Can Nikola Jokic Be the Star the Denver Nuggets Need?

After a promising rookie year, can Jokic be a franchise player for the Nuggets?

Ever since February 22nd, 2011, the Denver Nuggets franchise has been in desperate search of a superstar to replace Carmelo Anthony. Despite a few solid seasons since that time, featuring players such as Ty Lawson, Kenneth Faried, and Danilo Gallinari, the franchise has never truly had the star it craves.

However, last season may have provided a glimpse into the best player the team has featured in years with the emergence of rookie Nikola Jokic.

Although Jokic only averaged 10.0 points and 7.0 rebounds per game, Nuggets' coach Mike Malone appears to have confidence in the young Serbian.

Much of the hype around Jokic is based on his solid all-around stats last season in his rookie year. Jokic’s per-36 minute stats are among the NBA’s elite at a staggering 16.5 points, 11.6 rebounds, 3.9 assists, 1.6 steals and 1.0 blocks. Those numbers all come with a remarkably efficient shooting percentage of 53.5% over the entire season. His stellar stats got him a third-place finish in Rookie of the Year voting, and he ended the campaign with a solid nERD rating of 6.2, meaning that Jokic plus a team of average talent should finish 6 games above .500 over a full season.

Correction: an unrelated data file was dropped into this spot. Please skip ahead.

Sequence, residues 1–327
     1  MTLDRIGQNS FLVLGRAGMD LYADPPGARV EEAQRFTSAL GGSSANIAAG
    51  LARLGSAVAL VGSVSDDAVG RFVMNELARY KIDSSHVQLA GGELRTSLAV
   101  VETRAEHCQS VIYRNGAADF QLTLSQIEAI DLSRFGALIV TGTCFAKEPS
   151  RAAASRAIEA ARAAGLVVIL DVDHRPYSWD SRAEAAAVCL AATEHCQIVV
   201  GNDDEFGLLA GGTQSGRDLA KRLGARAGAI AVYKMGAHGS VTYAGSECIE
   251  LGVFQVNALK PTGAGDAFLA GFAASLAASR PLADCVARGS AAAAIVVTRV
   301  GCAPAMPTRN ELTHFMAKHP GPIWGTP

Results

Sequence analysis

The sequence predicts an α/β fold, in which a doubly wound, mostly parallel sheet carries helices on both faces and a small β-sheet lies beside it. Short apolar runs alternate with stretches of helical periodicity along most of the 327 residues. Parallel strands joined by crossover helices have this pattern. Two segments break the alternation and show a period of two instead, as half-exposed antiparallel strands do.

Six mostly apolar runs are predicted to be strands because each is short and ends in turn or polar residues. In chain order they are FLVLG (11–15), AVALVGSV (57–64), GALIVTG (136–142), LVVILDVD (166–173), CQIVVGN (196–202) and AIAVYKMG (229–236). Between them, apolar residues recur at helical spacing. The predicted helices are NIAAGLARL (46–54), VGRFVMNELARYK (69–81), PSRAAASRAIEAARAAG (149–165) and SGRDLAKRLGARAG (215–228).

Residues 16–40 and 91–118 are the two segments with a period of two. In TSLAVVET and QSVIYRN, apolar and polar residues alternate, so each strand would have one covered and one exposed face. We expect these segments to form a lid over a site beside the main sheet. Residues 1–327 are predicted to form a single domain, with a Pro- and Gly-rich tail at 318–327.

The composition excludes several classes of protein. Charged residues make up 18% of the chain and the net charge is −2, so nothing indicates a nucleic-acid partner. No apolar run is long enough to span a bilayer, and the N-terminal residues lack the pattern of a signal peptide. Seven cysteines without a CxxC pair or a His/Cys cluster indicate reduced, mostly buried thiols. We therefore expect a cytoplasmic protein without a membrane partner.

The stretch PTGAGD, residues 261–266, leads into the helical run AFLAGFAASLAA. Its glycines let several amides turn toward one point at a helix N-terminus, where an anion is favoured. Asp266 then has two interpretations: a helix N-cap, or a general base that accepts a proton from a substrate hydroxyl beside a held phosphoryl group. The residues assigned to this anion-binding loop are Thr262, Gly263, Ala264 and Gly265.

Perhaps the best illustration of how spectacular his rookie season was is that the top comparable season according to our algorithms was Paul Millsap’s 2011-2012 breakout season, which propelled him to stardom for the Utah Jazz.

Jokic also had a big offseason, which saw him help his Serbian team to the silver medal in the Olympics. In their three-point loss to the USA, it was Jokic who led Serbia with 25 points in the near upset of the Americans.

Maybe the best thing for Malone and the Nuggets is that, despite the loss, Jokic was not intimidated by the best national team in the country.

The one question that remains with Jokic is if he will be able to handle an increased work load as he grows into a new role.

Last season, Jokic only played 21.6 minutes per game with a usage rate of 19.9%. With Malone already claiming he believes Jokic is a building block, those numbers are sure to go up and can sometimes slow a player down over the long haul of an NBA season.

Other advanced stats also show how incredible Jokic was last season with a value over replacement player of 3.0 and 2.2 defensive win shares. He also was third in the NBA in value added amongst players who played fewer than 30 minutes per game, trailing only Hassan Whiteside and Enes Kanter.

Jokic may be far less heralded than Karl-Anthony Towns, but if he can build on his rookie campaign, he may quickly prove to be a building block for the Nuggets. Like Towns, the sky is the limit for the 21-year-old Serbian center.